Genomic insights into Human Morphogenesis: Prenatal, Postnatal and Molecular Dysmorphology needs

Ashwin Dalal, Diagnostics Division, Centre for DNA Fingerprinting and Diagnostics, Hyderabad & John C Carey, Healthcare-Pediatric, University of Utah Salt Lake City, UT

The relative contribution of congenital malformations to neonatal mortality and morbidity is being increasingly recognized in India following improvements in immunization programme and perinatal care.  Hence, the need for the care of malformed children and genetic counseling for such families is gaining attention. A genetic diagnosis is now increasingly being sought by parents as well as health professionals engaged in providing health care to such families. Further the recent availability of advanced molecular techniques like microarray and next generation sequencing have made it possible to identify the causative gene/mutation in a number of malformation syndromes. However we still do not have information regarding genetic etiology of a number of malformation syndromes and a lot of research interest is being diverted to this aspect too. India, with its large population base, has a large number of patients with malformations/malformation syndromes. Many cases with novel findings have been reported from India. Proper clinical delineation, genetic counseling, prenatal diagnosis and research aimed towards identification of genes will go a long way to decrease disease burden in society due to these conditions.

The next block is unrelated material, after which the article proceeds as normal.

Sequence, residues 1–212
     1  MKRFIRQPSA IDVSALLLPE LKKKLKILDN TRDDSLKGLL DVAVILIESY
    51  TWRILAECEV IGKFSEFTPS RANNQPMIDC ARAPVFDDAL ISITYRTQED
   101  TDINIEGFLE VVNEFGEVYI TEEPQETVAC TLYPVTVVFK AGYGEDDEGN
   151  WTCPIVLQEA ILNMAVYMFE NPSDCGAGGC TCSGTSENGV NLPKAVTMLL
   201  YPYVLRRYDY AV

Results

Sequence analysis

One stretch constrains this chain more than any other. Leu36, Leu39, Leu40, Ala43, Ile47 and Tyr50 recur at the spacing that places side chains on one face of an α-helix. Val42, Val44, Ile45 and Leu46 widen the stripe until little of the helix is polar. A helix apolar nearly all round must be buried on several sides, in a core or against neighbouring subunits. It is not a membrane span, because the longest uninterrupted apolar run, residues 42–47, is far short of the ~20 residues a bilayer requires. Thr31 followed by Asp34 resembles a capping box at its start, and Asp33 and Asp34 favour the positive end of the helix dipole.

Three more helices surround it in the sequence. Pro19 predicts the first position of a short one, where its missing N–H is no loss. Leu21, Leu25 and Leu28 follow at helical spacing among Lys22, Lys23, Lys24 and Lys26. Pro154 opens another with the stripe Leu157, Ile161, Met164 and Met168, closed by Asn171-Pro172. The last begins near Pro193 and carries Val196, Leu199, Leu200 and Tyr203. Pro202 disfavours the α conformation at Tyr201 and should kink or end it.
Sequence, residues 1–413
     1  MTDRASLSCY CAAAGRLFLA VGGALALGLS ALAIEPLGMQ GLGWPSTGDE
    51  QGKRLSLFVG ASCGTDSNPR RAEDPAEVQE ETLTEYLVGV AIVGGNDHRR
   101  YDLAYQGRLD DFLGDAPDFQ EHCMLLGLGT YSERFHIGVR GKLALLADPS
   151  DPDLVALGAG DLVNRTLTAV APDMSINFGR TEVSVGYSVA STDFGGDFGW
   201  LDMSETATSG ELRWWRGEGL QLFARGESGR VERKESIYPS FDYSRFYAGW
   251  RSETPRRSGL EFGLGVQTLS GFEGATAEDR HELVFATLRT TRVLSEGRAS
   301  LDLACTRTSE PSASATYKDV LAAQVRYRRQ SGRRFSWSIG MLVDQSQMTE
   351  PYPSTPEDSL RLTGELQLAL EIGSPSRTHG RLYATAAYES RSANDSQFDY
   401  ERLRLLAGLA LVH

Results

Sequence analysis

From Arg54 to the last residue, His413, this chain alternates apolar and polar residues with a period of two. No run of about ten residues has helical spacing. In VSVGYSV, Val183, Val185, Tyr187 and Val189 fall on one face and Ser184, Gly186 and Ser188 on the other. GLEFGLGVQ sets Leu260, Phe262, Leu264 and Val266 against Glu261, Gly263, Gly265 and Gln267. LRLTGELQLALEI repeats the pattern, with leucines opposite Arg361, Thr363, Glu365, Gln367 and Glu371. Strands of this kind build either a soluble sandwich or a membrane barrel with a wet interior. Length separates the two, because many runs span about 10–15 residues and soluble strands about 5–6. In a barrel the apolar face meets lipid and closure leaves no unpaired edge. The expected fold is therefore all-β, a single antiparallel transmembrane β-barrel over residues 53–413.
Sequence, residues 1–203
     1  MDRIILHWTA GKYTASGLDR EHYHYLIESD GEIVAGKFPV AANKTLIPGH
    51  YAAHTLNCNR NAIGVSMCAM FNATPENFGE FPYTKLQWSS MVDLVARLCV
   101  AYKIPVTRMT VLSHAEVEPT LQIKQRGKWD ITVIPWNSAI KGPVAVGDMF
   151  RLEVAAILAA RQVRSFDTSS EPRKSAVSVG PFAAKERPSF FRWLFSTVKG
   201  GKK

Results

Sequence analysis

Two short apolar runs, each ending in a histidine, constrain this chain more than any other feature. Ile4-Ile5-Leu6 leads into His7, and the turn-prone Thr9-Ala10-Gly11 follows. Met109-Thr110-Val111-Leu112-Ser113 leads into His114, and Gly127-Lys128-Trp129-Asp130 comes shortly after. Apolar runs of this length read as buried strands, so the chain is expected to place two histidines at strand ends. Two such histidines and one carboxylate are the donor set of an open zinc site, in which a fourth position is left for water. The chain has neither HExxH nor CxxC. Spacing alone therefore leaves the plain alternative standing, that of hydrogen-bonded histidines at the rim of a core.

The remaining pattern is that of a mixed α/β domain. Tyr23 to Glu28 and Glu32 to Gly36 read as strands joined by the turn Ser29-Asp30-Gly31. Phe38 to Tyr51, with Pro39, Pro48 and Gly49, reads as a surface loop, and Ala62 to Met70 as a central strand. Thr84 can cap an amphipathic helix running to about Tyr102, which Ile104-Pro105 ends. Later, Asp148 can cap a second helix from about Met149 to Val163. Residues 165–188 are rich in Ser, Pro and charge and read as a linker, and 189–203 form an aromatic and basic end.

Forests of the Western Himalaya: Conservation and Restoration of Ecosystem Services in a time of Climate Change

Ghazala Shahabuddin, Centre for Environment, Development and Research Dehradun, Uttarakhand & Timothy Gregoire, School of Forestry and Environmental Studies, Yale University, New Haven, CT

The Himalayas are among the most important eco-regions of the world, sustaining a large part of humanity through the ecosystem services that they provide through climatic and hydrological modulation, nutrient cycling and provisioning biodiversity, thus  supporting millions of agricultural and forest-dependent livelihoods. The ecosystem services hinge upon the varied and extensive forest cover across this region, that is under increasing threat of degradation from over-exploitation, infrastructure development and climate change. The workshop will focus on creating a scientific understanding of the causes of forest degradation, its conservation and restoration, with a special reference to the Western Himalayas, which are as yet under-studied. The meeting proposes to bring together scientists from different disciplines that are required to fully understand and stem the cause-and-effect linkages between human activities and the decline of forest ecosystem services. The Yale School of Forestry, with its unique hundred-year old history of tropical and temperate forest study and management, will bring strong scientific underpinnings to the study and practice of forest conservation and restoration. A special session on sustaining livelihoods will present case studies on successful merging of forest ecosystem services with economic security.  With its eminent participants from Yale and representation from leading ecological research and academic institutions in India, the meeting hopes to create a firm research agenda focusing on forest conservation and restoration in the Himalayas over the next decade. A paper for an international biological journal is expected to be published based on the findings of the workshop.